Carb loading complete, we headed back to the hotel to get into the zone before our 4 am wakeup call. I watched the Notre Dame-Michigan game for a bit, as there is truly nothing more calming to me than a football game which I'm really not invested in. I drifted off at about 9:30 and actually slept remarkably well given the circumstances - I'm pretty sure I was actually awake before my alarm went off on Sunday morning which is fairly unbelievable. I got up pretty quickly and was into the prerace routine: 2 pieces of bread, one with peanut butter, choked down even though I have no desire to eat it, washed down with Gatorade. Aly had been asking me about what I ate before races since she had bad stomach issues with her last marathon, and so she followed my lead - I think I have a new convert to my pre-marathon breakfast! We were out the door by 5 am to head over to Lehigh Valley Hospital for the start. Unfortunately, there is more than one Lehigh Valley Hospital...and the one that comes up when you enter that into your GPS is not the one where the race start was being held. Luckily we had left early enough that it wasn't a big deal, and finally made it to the actual start with over an hour to spare (I found out later that the traffic situation turned into a disaster close to the start and people were jumping out of their cars to run to the line, so retrospectively I'm EXTRA glad that I'm ridiculous about getting to races early.) Highlights of the drive were listening to techno and a very bright billboard with a man on it who appeared to be staring into your soul...it was 5 am, we were a little loopy.

The start was pretty low key, although they were pumping early 2000s jams such as the Evanescence song "Bring Me To Life" and also "1985" by Bowling for Soup. We chatted briefly with a guy who noticed Aly's Greater Boston jacket and was also from Boston - I do think one of my favorite parts about this race was that, as the LAST CHANCE TO BQ, there were people from literally everywhere converging on these random towns in eastern Pennsylvania to run a marathon.  The weather was not as cool as I had wanted or anticipated, and I was concerned about the 80% humidity, but I tried not to worry about it as I went through my prerace routine. Stretch, leg swings, a few downward dogs for good measure, GNB on the hand (long story), drink water, munch on Gu chomps, hit the porta potty, etc. At one point Aly and I had what felt like our own personal paparazzi as this guy from (I assume) a local newspaper hovered around us taking action shots of us warming up and stretching. I was trying to stay focused but it was also difficult to keep from laughing as this guy circled us trying to get that perfect shot. [Edit: I discovered the photos, but I will not be posting them here. They are hilarious, however.]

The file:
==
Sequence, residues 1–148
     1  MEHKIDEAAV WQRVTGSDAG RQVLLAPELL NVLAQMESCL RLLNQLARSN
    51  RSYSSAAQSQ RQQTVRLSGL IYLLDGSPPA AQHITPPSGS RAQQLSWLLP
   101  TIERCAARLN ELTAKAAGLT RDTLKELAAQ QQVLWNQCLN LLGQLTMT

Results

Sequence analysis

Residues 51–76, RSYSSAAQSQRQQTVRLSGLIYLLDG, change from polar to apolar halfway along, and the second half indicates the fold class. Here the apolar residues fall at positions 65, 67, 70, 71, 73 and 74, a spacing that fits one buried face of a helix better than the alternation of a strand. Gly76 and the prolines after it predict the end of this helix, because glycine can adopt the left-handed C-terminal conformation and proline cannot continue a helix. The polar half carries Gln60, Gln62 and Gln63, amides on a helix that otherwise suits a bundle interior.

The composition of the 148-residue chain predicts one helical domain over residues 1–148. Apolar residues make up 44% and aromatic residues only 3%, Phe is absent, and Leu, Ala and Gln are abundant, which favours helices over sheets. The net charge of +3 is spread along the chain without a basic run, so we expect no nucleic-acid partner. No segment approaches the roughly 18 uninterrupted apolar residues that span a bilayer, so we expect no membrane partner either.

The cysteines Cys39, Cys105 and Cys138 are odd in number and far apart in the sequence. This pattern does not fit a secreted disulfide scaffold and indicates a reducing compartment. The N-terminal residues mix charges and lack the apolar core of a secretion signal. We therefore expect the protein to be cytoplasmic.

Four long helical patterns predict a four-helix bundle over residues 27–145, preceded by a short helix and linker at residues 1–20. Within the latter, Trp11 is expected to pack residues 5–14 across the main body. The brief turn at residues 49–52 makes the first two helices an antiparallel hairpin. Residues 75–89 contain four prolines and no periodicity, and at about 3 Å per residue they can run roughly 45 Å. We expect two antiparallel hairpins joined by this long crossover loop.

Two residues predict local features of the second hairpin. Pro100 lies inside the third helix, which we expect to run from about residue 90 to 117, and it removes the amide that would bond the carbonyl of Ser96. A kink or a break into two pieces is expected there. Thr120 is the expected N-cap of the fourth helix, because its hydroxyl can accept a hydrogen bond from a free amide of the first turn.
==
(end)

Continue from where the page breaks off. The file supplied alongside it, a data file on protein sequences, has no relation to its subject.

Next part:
I decided to hit the porta potty one last time, and man, the line was rough. It was probably 6:35 at this point, with the race starting at 7, but I figured I was still in OK shape, and I really needed to get in there. Opening ceremonies began...line barely moving. It was 6:45...line barely moving. The fear of a bathroom related emergency kept me in line for quite awhile, but all of a sudden I came to the panicked realization that there were 5 minutes until race start and I was still in my sweats, hadn't checked my bag, and was not at the start line. Cue near panic attack, sprinting over to my bag (during the national anthem no less, gah, I felt bad about that after the fact), desperately trying to find the bag check, and squeezing into the start. I couldn't find Aly, but managed to immediately find my friend Jen and started talking at her - "oh my god, I really have to pee...but the porta potty line was so long...omg, I'm just going to go pee in that park over there. I'll be right back." And so I popped a squat behind a tree with 2 minutes to go until the start. Not my most dignified hour, but I'll be damned if I didn't start that race feeling comfortable and ready to go. The next thing I knew I was back next to Jen and holy shit, they were counting down, and suddenly we were running and this was just...happening.